Fungal Dimorphism: With Emphasis on Fungi Pathogenic for Humans

Fungal Dimorphism: With Emphasis on Fungi Pathogenic for Humans

by Paul J. Szaniszlo, James L. Harris
     
 

ISBN-10: 0306420201

ISBN-13: 9780306420207

Pub. Date: 09/28/1985

Publisher: Basic Books

The tendency of fungi pathogenic for humans to have shapes in tissue distinct from their usual saprophytic morphologies has fascinated the pathologist and medical mycologist for almost a century. A primary rea­ son for this fascination is the possibility that fungal duality of form, or dimorphism, may be an important virulence factor that allows the zoo­

Overview

The tendency of fungi pathogenic for humans to have shapes in tissue distinct from their usual saprophytic morphologies has fascinated the pathologist and medical mycologist for almost a century. A primary rea­ son for this fascination is the possibility that fungal duality of form, or dimorphism, may be an important virulence factor that allows the zoo­ pathogenic fungus to survive host defenses. A second reason relates to the desire to gain basic insights into the regulation of cellular develop­ ment and morphogenesis among the etiological agents of human mycoses. Many excellent treatises have appeared within the recent past dealing with fungal dimorphism. However, it is becoming increasingly clear that it may be beyond the capability of one or a few authors to review this subject adequately. Instead, the ever-increasing volume ofliterature asso­ ciated with fungal dimorphism and the diversity offungi now recognized to exhibit a type of dimorphism suggest that a volume comprised of con­ tributions by numerous researchers may be more appropriate. This per­ ception provided me with the motivation to compile a multiauthor volume.

Product Details

ISBN-13:
9780306420207
Publisher:
Basic Books
Publication date:
09/28/1985
Pages:
414

Table of Contents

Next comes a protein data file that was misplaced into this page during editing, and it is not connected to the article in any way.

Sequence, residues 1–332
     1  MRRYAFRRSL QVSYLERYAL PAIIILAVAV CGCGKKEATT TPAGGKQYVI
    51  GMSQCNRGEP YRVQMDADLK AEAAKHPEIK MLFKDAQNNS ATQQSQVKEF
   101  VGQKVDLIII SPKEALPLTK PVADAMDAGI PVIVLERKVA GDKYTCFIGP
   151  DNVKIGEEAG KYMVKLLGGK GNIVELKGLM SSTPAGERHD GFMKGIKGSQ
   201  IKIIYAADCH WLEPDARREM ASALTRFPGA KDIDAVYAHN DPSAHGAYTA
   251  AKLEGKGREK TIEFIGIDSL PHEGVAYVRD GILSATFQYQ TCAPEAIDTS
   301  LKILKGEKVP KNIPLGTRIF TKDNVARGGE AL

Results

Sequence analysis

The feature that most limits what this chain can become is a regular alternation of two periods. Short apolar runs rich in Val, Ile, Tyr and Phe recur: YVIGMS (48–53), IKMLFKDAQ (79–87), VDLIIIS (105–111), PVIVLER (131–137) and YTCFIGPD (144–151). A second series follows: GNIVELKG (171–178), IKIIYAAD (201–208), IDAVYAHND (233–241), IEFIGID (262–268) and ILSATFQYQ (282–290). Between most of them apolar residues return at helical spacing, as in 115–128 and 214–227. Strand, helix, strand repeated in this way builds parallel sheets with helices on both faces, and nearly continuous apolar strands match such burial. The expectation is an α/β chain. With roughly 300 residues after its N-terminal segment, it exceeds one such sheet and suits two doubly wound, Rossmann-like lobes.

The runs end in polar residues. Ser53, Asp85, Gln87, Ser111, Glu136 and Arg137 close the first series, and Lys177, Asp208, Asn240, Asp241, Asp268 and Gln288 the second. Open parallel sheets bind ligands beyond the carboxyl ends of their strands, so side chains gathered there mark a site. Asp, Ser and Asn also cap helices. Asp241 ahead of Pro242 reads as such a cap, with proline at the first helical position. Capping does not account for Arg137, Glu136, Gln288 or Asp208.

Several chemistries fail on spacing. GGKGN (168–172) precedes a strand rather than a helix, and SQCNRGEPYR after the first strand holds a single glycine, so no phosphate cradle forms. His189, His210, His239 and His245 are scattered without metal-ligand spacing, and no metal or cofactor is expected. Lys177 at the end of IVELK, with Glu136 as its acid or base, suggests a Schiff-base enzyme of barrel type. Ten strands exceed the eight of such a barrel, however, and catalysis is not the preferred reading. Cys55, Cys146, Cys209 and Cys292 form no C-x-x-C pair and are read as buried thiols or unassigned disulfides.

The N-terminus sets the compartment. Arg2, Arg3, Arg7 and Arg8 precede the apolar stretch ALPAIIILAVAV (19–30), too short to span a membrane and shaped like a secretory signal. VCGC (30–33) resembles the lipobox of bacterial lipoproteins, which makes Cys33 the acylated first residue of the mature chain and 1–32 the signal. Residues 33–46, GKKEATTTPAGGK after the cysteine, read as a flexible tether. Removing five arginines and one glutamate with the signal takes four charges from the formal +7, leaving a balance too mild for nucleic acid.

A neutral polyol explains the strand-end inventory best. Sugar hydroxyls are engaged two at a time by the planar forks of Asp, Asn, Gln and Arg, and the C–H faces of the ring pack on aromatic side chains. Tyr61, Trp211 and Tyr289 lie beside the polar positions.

I. Introduction and General Morphology.- 1 An Introduction to Dimorphism among Zoopathogenic Fungi.- 1. Dimorphism: Application of the Term.- 2. Dimorphic Pathogenic Fungi.- 3. General Introductory Thoughts.- References.- 2 Cytological and Ultrastructural Aspects of Dimorphism.- 1. Introduction.- 2. Aspects of Ultrastructural Cytology.- 2.1. Yeast Cell.- 2.2. Hypha.- 2.3. Conidium.- 3. Ultrastructural Aspects of Dimorphism.- 3.1. Yeast-to-Hyphal Cell Transition.- 3.2. Hyphal-to-Yeast Cell Transition.- 3.3. Conidial-to-Yeast Cell Transition.- 4. Concluding Remarks.- References.- II. Fungi with Yeast Tissue Morphologies.- 3 Blastomyces dermatitidis.- 1. Introduction.- 2. Growth Requirements.- 3. Microscopy.- 4. Cell Walls.- 5. Metabolic Considerations.- 6. Summary.- References.- 4 Studies on Phase Transitions in the Dimorphic Pathogen Histoplasma capsulatum.- 1. Introduction.- 2. Experimental Studies on Dimorphism.- 2.1. Morphological Studies.- 2.2. Growth Requirements of the Two Phases: Cysteine Metabolism.- 2.3. Role of Cysteine in Regulating Morphogenesis and Mitochondrial Activity.- 2.4. RNA and Protein Synthesis.- 2.5. Cyclic AMP Levels.- 3. Discussion of Dimorphism.- References.- 5 Paracoccidioides brasiliensis.- 1. Introduction.- 2. Morphology of Dimorphism.- 3. Biochemistry of Dimorphism.- 4. Cell Wall and Dimorphism.- 5. A Model of Dimorphism.- 6. Regulation of Glucan Synthesis in Paracoccidioides brasiliensis Cell Walls.- 7. Conclusions.- References.- 6 Sporothrix schenckii.- 1. Introduction.- 2. Morphological Phase Transition.- 2.1. Sporothrix schenckii Cell Types: In Vitro and in Vivo Morphology.- 2.2. Growth Conditions and Cell Types.- 2.3. Morphologically Related Ceratocystis.- 2.4. Ultrastructure of the Phase Transition.- 3. Biochemical Activities and Cell Constituents.- 3.1. Teleomorph of Sporothrix schenckii.- 4. Cell-Surface Reactivity and Composition.- 4.1. Cell-Wall Composition in Different Cell Types.- 4.2. Reactivity with Lectins.- 4.3. Anionic Groups.- 4.4. Immunofluorescence Reactions.- 4.5. Surface Components and Yeast Phagocytosis.- 5. Sporothrix schenckii Polysaccharides.- 5.1. Rhamnomannans at Different Growth Temperatures.- 5.2. Rhamnomannans of Ceratocystis.- 5.3. Nuclear Magnetic Resonance Spectroscopy and Polysaccharide Structure.- 5.4. Galactomannans.- 5.5. Glucans in Different Cell Types.- 6. Immunochemistry of Sporothrix schenckii Antigens.- 6.1. Antigenic Determinants and Cross-Reactions.- 6.2. Delayed Hypersensitivity and Other Cell-Mediated Reactions.- 7. Perspectives.- References.- III. Fungi with Yeast and Hyphal Tissue Morphologies.- 7 Candida albicans.- 1. General Introduction.- 2. Phenotypic Repertoire of Candida albicans.- 3. Minimum Requirements for Growth in Culture.- 4. A Simple Method for Regulating Dimorphism Employing pH as the Sole Determining Factor.- 5. Stationary Phase, the Cell Cycle, and Hyphal Induction.- 6. Phenotypic Commitment, Septum Formation, and Filament-Ring Formation.- 7. Biochemical and Physiological Comparisons of the Two Growth Forms.- 7.1. Cyclic AMP.- 7.2. Chitin Synthesis.- 8. Macromolecular Synthesis during Outgrowth in the Two Growth Forms of Candida.- 9. Genetics of Candida.- 10. Conclusion.- References.- 8 Exophiala werneckii.- 1. Introduction and Brief History of Exophiala werneckii as a Pathogen.- 2. Taxonomic Position of the Organism.- 3. Morphological Forms of Exophiala werneckii.- 4. Control of Morphology.- References.- 9 Polymorphism of Wangiella dermatitidis.- 1. Introduction.- 2. Yeast Cell.- 2.1. Morphology.- 2.2. Yeast-Cell Division.- 2.3. Yeast-Cell Cycle.- 3. Hypha.- 4. Multicellular Form.- 4.1. Stage I.- 4.2. Stage II.- 5. Transitions between Morphologies.- 5.1. Hyphae to Yeasts.- 5.2. Yeasts to Multicellular Forms.- 5.3. Stage I Forms to Yeasts.- 5.4. Stage I and II Forms to Hyphae.- 6. Cell-Wall Alterations during Multicellular-Form Development.- 6.1. Quantitative Analyses of Cell Walls.- 6.2. Cell-Wall Polymers.- 6.3. Dynamics of Polysaccharide Synthesis during Development.- 6.4. Effect of Polysaccharide Synthetase Inhibitors.- 6.5. Relevance of Cell-Wall Carbohydrate Polymers to Differentiation.- 7. Integration of the Yeast-Cell Cycle and Multicellular-Form Development.- 7.1. “Start”.- 7.2. Divergence of Control Sequences.- 7.3. Convergence of Sequences.- 7.4. Cell Separation.- 8. Nature of the Mutations in Mc Strains and Their Relevance to Morphological Development.- 9. Possible Roles of the Defective Gene Products.- 9.1. Nature of the Polarization Director.- 9.2. Candidates for the Polarization Director.- 10. Conclusions.- References.- IV. Fungi with Isotropically Enlarged Tissue Morphologies.- 10 Dimorphism in Chrysosporium parvum.- 1. Introduction.- 1.1. Taxonomy.- 2. Morphology.- 3. Growth Rate.- 4. Adiaspore-Host Interactions.- 5. Structure and Cytochemistry.- 5.1. Adiaspore Wall.- 5.2. Plasmalemma.- 5.3. Adiaspore Content.- 5.4. Structure of Hyphae and Conidia.- 6. Biochemical and Immunochemical Aspects.- 7. Conidiogenesis.- 8. Development of the Adiaspore.- 8.1. Development from Conidia.- 8.2. Development from Hyphal Cells.- 8.3. Conversion of Colony and Inoculum.- 8.4. Blastic and Thallic Development.- 9. Reproduction of Adiaspores.- 10. Genetic Control.- 11. Environmental Control.- 12. Conclusion.- References.- 11 Phialophora verrucosa and Other Chromoblastomycotic Fungi.- 1. Introduction.- 2. Clinical Features of Chromoblastomycosis.- 3. Microscopic Observations of Infected Tissue.- 3.1. Light Microscopy.- 3.2. Scanning Electron Microscopy.- 3.3. Transmission Electron Microscopy.- 4. Experimental and Natural Infections of Animals.- 5. In Vitro Cultivation of Sclerotic Cells.- 5.1. Early Cultural Methods.- 5.2. Chick-Embryo and Tissue-Culture Methods.- 5.3. Nutritional Studies in Chemically Defined Media.- 6. Control of Morphogenesis in Chromoblastomycotic Fungi.- References.- 12 Arthroconidium-Spherule-Endospore Transformation in Coccidioides immitis.- 1. Introduction.- 2. Saprobic Cycle.- 2.1. Mycelial Growth.- 2.2. Conidiogenesis.- 2.3. Ultrastructure.- 2.4. Karyology: Mycelium-Arthroconidium Transformation.- 3. Parasitic Cycle.- 3.1. Karyology: Arthroconidium-Spherule-Endospore Transformation.- 3.2. Spherule Segmentation and Endospore Formation.- 3.3. Ultrastructure.- 3.4. In Vivo Morphogenesis and Fungus-Host Interaction.- 4. Cell Envelope.- 4.1. Wall Isolation and Chemical Composition.- 4.2. Identification of Wall Antigens.- References.- V. Dimorphic Mucors.- 13 Mucor racemosus.- 1. Introduction.- 2. Biology of Mucor racemosus.- 2.1. Preface.- 2.2. Vegetative Life Cycle.- 3. Biochemistry and Physiology of Mucor racemosus.- 3.1. Respiration and Fermentation.- 3.2. Cyclic 3?,5?-Adenosine Monophosphate.- 3.3. Lipid Synthesis.- 3.4. Enzyme Synthesis.- 3.5. S-Adenosylmethionine Metabolism.- 4. Molecular Biology of Mucor racemosus.- 4.1. Preface.- 4.2. Protein Synthesis.- 4.3. Gene Organization.- 4.4. DNA Synthesis and Nuclear Division.- 5. Multiple Drug Resistance of Mucor racemosus.- 6. Conclusion.- References.- 14 Dimorphism in Mucor Species with Emphasis on M. rouxii and M. bacilliformis.- 1. Introduction.- 2. Growth Characteristics of Mucor Species.- 2.1. Spore Germination.- 2.2. Hyphal and Yeast Growth.- 2.3. Hyphal-Yeast Transitions.- 3. Factors that Affect Morphology in Mucorales.- 3.1. Atmospheric Environment.- 3.2. Nutritional Factors.- 3.3. Effect of Inhibitors.- 4. Metabolic and Biochemical Alterations Related to Dimorphism.- 4.1. General Considerations.- 4.2. Carbon Metabolism.- 4.3. Respiratory Enzymes.- 4.4. Nitrogen Metabolism.- 4.5. Biosynthesis of Proteins and Nucleic Acids.- 5. Cell-Wall Structure and Biosynthesis during the Dimorphic Transition.- 5.1. Chemical Composition.- 5.2. Cell-Wall Biosynthesis and Polarization.- 6. Genetic Approaches to the Study of Dimorphism.- 7. General Conclusions and Perspectives.- References.